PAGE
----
MAHC2 - Modern Art Human Constructions 2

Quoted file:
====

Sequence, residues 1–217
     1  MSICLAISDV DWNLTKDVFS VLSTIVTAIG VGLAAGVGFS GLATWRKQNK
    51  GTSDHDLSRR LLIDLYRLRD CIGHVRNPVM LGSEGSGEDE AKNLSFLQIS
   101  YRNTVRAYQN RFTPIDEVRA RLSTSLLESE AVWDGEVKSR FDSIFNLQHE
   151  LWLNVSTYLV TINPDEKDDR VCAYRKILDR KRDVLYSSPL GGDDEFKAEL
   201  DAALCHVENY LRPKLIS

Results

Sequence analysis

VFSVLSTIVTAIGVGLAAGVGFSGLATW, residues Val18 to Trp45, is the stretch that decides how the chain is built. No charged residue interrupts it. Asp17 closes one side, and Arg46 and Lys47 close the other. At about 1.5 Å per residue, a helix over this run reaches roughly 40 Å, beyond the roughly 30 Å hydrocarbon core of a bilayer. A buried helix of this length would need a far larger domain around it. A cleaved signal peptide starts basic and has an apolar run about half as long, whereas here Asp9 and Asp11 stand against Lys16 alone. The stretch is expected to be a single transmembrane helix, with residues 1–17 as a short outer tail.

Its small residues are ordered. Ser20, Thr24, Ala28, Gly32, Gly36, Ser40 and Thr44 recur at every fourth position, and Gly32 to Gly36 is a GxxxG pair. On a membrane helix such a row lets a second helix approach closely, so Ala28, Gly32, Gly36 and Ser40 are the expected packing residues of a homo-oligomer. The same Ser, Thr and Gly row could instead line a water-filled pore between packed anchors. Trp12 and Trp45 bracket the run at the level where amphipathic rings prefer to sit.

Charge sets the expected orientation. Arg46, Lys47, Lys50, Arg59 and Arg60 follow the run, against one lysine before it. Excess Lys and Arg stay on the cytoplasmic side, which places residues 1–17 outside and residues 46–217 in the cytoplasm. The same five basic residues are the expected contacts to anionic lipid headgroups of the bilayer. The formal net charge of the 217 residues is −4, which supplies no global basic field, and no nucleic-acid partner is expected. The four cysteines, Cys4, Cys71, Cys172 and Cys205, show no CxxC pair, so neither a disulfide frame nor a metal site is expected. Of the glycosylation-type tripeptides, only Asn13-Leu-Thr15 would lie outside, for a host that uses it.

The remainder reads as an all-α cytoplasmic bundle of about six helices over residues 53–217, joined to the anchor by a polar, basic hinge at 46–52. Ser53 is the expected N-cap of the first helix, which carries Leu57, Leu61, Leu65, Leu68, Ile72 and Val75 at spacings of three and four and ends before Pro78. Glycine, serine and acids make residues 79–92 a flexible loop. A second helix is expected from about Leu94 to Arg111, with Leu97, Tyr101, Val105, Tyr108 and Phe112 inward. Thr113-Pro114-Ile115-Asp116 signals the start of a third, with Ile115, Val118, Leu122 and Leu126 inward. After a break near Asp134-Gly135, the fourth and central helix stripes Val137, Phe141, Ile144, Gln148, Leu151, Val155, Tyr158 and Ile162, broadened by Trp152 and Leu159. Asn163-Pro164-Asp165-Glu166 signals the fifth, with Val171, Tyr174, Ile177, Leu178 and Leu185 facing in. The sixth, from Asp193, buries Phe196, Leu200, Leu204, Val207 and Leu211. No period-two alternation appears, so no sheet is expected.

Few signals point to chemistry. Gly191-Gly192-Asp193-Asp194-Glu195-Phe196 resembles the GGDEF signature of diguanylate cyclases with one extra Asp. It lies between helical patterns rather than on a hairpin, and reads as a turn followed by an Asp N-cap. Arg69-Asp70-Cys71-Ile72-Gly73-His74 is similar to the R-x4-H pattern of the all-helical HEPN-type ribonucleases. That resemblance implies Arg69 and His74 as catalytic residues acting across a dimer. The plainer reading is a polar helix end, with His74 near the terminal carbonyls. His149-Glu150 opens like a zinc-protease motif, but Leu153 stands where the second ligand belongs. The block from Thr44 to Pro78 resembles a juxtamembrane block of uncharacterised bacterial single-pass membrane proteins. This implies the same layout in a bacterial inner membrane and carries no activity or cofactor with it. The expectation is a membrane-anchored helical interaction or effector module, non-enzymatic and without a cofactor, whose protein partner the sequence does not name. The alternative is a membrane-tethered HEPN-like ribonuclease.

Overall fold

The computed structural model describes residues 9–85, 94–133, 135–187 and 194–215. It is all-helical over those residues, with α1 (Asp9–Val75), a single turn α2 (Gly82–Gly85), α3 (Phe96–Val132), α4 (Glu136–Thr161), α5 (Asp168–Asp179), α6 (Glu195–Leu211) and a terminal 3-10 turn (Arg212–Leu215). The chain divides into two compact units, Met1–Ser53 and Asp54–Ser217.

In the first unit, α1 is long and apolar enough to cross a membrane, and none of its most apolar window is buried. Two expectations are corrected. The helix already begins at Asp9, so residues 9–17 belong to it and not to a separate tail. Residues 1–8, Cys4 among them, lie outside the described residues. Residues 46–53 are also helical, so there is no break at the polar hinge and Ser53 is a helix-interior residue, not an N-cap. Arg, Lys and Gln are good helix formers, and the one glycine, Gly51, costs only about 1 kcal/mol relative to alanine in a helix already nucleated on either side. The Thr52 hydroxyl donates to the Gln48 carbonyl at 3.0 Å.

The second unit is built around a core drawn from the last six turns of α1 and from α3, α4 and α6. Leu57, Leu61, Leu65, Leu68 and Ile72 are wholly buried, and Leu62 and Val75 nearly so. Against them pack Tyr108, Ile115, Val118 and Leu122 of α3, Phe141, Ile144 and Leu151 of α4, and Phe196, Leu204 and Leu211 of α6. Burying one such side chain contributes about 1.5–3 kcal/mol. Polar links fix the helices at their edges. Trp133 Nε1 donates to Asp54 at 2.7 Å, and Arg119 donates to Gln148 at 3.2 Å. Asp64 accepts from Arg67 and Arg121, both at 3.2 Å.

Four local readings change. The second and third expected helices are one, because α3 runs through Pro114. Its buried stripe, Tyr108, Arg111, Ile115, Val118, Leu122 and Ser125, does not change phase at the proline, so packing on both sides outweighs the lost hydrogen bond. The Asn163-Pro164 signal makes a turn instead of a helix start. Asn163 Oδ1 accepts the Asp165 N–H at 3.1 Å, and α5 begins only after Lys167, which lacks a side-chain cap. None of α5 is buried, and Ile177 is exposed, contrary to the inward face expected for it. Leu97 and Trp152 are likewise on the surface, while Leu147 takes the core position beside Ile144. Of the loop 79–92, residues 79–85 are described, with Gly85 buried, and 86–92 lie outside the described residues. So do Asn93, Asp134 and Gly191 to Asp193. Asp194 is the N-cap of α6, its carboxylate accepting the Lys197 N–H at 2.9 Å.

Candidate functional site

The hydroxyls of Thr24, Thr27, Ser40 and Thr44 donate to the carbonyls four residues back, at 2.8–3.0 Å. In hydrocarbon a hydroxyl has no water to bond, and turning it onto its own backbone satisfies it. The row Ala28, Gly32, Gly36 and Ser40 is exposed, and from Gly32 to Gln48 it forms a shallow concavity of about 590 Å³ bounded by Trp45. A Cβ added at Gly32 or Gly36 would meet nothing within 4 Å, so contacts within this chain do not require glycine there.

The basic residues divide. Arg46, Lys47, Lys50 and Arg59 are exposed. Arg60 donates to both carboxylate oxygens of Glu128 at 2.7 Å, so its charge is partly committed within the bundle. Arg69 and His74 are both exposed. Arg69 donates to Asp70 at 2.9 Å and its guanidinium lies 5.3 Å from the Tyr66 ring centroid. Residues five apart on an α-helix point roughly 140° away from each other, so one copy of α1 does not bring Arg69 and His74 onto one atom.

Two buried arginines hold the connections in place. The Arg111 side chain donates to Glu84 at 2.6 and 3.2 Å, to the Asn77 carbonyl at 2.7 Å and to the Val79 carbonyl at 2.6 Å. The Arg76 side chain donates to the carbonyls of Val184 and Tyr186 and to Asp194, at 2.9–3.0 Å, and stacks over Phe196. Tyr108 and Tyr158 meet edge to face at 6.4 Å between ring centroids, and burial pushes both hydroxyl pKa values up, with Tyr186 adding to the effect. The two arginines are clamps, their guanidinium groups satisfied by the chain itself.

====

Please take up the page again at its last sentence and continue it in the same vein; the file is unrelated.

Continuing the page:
It's been a long time since the first MAHC, but this collection shares several of its themes, and, to be honest, unique yet applicable collection titles are becoming harder and harder to find. Like that collection, this one focuses on the things that humans have constructed, and the tools that they use to do so - with a slight emphasis on landscapes. Starting off, Skyscrapers on a Hill is a somewhat abstract presentation of its idea. It makes heavy use of vertical lines, complimenting them with a darker area of the midground that wraps smoothly in a circle towards the top of the image, capping off each tower. The tilted nature of the work emphasizes the hillside, as does the overall diagonal contour going from the top-left to the bottom-right. Similarly, Angled Kilter portrays an area of sparse human construction, from a distance, and at somewhat of a tilt. Lights shine up from behind the hills, fading into the sky before reaching the top of the image, thus providing some evidence of human involvement here. But the bleak color of the background and the strange orientation of the lights leaves some room for concern. My Framework is an interesting case, being a unique red-pink color and having very little distinct structure despite being filled with the horizontal and vertical line motifs that are usually used to construct that. But a creature - "me" - in the lower left directs those things, creating a foundation amidst all this feeling, building around it and through it as necessary. Metaphorical Islands is the most abstract work in this collection, by far, a collection of rough, grainy islands of light amidst a sea of darkness. No part of this work is literal in any sense, hence the 'metaphorical' part of its title; however, metaphors too are a thing constructed, and there is evidence of human construction in this image, from the cracks in the sides to the contours of the islands themselves, and the color being pushed into them. But my personal favorite work in this collection is Settlement Near a Peak, a wonderfully concrete work that is at once relaxed, foreboding, and yet hopeful. The forebodingness is largely the result of the work's dark color palette, but the highlights and gradients imbue the hope. The small chunks cut out of the mountain, and the vertical lines piercing through and out of it are the human contributions in the metaphor. Please enjoy!